The Horizon BY KAYODE KOMOLAFE
It is 2,429 days today that hundreds of schoolgirls were abducted from a secondary school in Chibok, Borno State. Some of the students have been released. But it is estimated that over a hundred are still being held by the terrorists. Hence the campaign to “bring back our girls” is still very much alive, although the emotional resonance might appear to have receded. In official statements, hardly are references made to the unfinished security business in Chibok.
It is also 1, 022 days today, in another grim reminder, that a secondary school was attacked at Dapchi in Yobe State and about 112 schoolgirls and a boy were taken away. Exhausted and extremely traumatised, five of the girls died in the hands of their abductors. After some “back-channel” contacts made by the Nigerian state, the girls have since regained their freedom except the 17-year old Leah Sharibu who is still in captivity. Despite an international campaign for her release, the freedom of the poor girl is still being denied by her abductors.
Now, in that distressing pattern it is five days that the Government Science Secondary School was invaded in Kankara, Katsina State. Some of the students have been rescued while over 300 others are still declared missing.
Therefore, it is time the Nigerian state was asked: when exactly is it a national embarrassment? When will the national shame be officially acknowledged that six years after the Chibok tragedy the combined efforts of defence and internal security organisations could not ensure the security of students in Kankara Science Secondary School? Whatever happened to the professional acumen and capacity of the army, police, SSS, civil defence corps and other security outfits supposedly on duty in Katsina State? When indeed is it an emergency?
All efforts should be made to prevent a catastrophe in the extremely delicate situation of Kankara.
In utter anguish, the placard-bearing parents have called on the Commander-in-Chief, President Muhammadu Buhari, who incidentally is on holiday in Katsina State, to bring back the Kankara Boys. To borrow the famous turn of phrase of Jerry Gana, the distraught parents seem to be saying that Buhari as the commander-in-chief should “chiefly command well.” As an aside, the eloquent Professor Gana was the chairman of the re-orientation agency established in the 1980s by the military regime of President Ibrahim Babangida, the Mass Mobilisation for Self – Reliance, Social Justice and Economic Recovery (MAMSER). Gana used to preach that that every citizen should perform his duty “well,” whether as a driver, teacher or commander-in-chief.
The magnitude of the current embarrassment is such that conflicting official figures are even being bandied about depending on who is making the statement. It is a notorious fact that Nigeria suffers chronically from the malaise of inability to honestly count just anything – money, votes, population, projects, facilities, immunisation figures, beneficiaries of government programmes etc. However, it is exceptionally outrageous that the exact number of missing students in an invaded school could not be produced days after the calamity.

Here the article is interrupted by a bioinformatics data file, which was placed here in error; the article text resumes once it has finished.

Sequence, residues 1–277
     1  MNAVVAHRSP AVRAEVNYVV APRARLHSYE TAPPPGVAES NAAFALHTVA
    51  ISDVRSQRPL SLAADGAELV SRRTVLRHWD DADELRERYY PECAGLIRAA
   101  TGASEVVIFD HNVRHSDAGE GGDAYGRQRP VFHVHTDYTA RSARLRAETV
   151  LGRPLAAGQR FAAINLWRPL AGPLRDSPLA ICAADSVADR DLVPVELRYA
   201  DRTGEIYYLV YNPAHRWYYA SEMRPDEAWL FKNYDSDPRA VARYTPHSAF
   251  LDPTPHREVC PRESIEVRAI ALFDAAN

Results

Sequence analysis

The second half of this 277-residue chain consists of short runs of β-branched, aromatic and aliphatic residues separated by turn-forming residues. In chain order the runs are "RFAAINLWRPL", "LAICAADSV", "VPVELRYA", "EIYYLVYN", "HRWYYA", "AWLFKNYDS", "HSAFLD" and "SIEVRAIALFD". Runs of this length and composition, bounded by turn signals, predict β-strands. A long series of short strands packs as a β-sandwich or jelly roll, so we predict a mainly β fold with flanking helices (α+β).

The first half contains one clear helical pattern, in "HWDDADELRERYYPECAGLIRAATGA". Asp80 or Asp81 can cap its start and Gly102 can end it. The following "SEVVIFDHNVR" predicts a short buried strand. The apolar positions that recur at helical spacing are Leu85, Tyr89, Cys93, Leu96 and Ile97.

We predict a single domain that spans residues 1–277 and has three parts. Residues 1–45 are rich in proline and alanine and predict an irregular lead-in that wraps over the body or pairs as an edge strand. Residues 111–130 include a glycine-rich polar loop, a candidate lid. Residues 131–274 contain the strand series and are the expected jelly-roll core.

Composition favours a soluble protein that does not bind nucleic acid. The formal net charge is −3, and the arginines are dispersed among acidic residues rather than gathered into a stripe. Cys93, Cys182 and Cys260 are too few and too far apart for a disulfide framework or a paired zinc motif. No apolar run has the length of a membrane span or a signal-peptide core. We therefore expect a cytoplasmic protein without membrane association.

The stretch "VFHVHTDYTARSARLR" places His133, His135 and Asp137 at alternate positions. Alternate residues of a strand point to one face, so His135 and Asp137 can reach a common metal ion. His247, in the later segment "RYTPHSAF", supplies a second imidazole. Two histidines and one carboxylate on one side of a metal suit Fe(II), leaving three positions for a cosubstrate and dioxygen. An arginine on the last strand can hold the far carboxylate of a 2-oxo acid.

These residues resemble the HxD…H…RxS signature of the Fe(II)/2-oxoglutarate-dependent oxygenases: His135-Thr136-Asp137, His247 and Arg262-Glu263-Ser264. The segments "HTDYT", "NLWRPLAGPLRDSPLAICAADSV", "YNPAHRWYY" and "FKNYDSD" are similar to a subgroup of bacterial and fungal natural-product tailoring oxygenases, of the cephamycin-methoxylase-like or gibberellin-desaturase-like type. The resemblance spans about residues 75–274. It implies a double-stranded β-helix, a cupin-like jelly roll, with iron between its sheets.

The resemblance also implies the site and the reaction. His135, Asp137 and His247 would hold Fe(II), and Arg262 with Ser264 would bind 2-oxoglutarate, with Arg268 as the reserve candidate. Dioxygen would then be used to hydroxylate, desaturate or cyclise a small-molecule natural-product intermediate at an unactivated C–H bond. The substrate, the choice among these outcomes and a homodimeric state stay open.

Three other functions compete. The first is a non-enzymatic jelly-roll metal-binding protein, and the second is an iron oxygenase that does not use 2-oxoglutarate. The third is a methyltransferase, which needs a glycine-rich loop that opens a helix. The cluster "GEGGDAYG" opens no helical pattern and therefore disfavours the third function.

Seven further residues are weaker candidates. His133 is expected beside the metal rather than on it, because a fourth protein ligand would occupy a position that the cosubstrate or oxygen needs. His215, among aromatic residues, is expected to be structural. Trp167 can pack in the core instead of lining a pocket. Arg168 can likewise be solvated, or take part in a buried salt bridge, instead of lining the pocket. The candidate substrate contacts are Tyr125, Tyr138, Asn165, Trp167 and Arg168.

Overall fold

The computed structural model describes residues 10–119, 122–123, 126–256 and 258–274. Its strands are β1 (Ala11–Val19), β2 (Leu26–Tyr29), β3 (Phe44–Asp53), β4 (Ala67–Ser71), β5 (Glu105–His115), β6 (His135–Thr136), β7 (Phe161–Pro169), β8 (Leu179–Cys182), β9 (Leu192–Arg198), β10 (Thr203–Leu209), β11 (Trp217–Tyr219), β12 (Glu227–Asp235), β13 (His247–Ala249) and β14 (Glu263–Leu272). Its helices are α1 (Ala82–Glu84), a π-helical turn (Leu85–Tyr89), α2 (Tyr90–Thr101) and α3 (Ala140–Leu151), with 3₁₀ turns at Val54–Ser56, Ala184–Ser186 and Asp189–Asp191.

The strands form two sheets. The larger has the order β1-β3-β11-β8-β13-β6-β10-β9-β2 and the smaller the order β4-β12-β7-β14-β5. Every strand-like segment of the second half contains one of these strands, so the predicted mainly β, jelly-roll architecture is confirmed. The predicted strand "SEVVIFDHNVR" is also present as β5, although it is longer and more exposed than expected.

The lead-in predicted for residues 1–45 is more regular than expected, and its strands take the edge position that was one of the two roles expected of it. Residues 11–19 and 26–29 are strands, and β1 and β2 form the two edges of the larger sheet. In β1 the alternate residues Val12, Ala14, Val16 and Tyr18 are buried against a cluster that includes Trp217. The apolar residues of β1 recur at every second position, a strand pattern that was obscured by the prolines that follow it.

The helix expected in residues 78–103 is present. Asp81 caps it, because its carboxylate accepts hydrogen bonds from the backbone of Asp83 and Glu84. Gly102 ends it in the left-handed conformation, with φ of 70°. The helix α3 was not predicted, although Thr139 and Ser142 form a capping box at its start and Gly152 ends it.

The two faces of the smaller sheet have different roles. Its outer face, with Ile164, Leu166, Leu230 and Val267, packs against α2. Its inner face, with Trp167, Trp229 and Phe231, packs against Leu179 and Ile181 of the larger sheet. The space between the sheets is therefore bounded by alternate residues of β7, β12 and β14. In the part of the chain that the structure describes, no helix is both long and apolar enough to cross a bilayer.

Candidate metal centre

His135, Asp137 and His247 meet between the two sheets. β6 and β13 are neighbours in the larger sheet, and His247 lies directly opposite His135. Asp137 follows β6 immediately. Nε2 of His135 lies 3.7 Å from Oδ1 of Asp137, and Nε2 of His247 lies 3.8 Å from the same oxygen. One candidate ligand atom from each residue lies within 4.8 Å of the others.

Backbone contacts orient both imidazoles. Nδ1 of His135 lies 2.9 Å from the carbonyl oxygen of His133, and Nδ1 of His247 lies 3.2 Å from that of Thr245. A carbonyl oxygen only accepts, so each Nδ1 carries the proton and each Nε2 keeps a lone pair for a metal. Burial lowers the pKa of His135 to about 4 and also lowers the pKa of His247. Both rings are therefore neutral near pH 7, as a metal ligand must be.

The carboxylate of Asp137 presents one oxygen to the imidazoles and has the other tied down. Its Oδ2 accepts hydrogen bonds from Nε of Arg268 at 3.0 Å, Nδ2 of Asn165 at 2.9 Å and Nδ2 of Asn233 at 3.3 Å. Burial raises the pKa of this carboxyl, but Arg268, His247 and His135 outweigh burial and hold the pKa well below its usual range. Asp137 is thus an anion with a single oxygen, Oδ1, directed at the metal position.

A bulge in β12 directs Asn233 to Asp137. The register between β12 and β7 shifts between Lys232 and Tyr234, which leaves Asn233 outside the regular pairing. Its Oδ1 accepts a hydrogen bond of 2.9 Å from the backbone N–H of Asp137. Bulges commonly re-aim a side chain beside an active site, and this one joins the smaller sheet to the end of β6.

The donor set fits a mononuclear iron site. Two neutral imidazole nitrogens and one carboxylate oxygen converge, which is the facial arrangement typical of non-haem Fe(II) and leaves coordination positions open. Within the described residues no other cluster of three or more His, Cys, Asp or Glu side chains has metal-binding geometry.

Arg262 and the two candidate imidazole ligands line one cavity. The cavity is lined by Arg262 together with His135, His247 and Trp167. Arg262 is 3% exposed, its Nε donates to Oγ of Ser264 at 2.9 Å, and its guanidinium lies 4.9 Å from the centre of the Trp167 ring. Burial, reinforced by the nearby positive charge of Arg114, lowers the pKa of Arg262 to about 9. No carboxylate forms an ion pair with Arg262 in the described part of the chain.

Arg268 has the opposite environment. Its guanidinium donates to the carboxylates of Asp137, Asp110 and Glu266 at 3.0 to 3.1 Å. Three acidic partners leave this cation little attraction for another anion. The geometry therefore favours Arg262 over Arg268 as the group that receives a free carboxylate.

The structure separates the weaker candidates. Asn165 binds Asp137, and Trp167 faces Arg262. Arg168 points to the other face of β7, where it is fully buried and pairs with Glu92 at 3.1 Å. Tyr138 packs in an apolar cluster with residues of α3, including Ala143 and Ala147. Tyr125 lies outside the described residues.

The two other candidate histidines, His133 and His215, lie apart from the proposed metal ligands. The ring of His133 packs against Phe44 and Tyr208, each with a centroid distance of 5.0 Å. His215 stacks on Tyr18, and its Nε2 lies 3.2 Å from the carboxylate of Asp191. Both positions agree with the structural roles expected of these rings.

The manner of the abduction of the students in Kankara is a clear pointer to the limits of rationalisation of the failures of the nation’s security system. The attackers reportedly arrived Kankara after 10 p.m. last Saturday on more than 150 motorcycles. Imagine a convoy of 150 motorcycles ridden freely across local government areas. And hundreds of boys taken away on those motorcycles! That ought to be conspicuous enough to attract the attention of security men. While a detachment of the invaders went in to take the boys from the school, another group blocked the road to prevent access to the scene of the crime.
Meanwhile, the attackers were said to have had a gun duel earlier with the police and vigilantes in other parts of the town. Two policemen were reportedly available to resist the attackers at the school gate; one of them got injured. Yet hundreds of the boys were kidnapped. Two days after, it was reported that the kidnappers had made “contacts” with Katsina State Governor Aminu Masari. It remains unimaginable how attackers riding motorcycles could kidnap hundreds of boys in the night. A new dimension has been added to the sad story with a faction of Boko Haram claiming responsibility for the attack on the school in Kankara.
The attack on Kankara proved that the nation has not learnt sufficient lessons from earlier attacks on schools.
As alluded to in the foregoing, few of the earlier attacks could be cited to illustrate the point about the strategic failure of the Nigerian state in the situation.
First, there was the Buni Yadi massacre of February 25, 2014 in Yobe State. About 59 boys were killed by suspected Boko Haram insurgents at the Federal Government College in a town called Buni Yadi. No fewer than 24 buildings were burnt in the boarding co-educational school during the invasion.
Secondly, about 276 school girls were kidnapped by Boko Haram on April 14, 2014. when a secondary school was invaded in Chibok , Borno state. That was two months after the Buni Yadi disaster. About 103 of the Chibok girls were released while a few others escaped from captivity. It is still estimated that about 112 of Chibok girls are yet to be brought back home six years after. The Chibok abduction has attracted the most international attention of all attacks on schools in northern Nigeria.
Thirdly, four years after Chibok, 112 schoolgirls and a boy were abducted from the Government Girls’ Secondary and Technical College in another town in Yobe State called Dapchi. On February 19, 2018 the insurgents invaded the town in Tata trucks and Toyota Hilux vans. Most of the students and their teachers escaped from the situation. The attackers took away 103 of the students. The ages of the students were between 11 and 19. As stated above, the kidnapped girls have been released except the now 17-year old Leah Sharibu.